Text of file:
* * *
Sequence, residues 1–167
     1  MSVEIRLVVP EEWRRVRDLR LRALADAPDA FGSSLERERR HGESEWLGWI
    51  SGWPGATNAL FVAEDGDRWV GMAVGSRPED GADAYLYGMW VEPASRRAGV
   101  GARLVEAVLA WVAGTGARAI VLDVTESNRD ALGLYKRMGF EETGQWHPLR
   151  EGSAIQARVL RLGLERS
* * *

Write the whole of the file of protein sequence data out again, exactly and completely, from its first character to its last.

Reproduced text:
Sequence, residues 1–167
     1  MSVEIRLVVP EEWRRVRDLR LRALADAPDA FGSSLERERR HGESEWLGWI
    51  SGWPGATNAL FVAEDGDRWV GMAVGSRPED GADAYLYGMW VEPASRRAGV
   101  GARLVEAVLA WVAGTGARAI VLDVTESNRD ALGLYKRMGF EETGQWHPLR
   151  EGSAIQARVL RLGLERS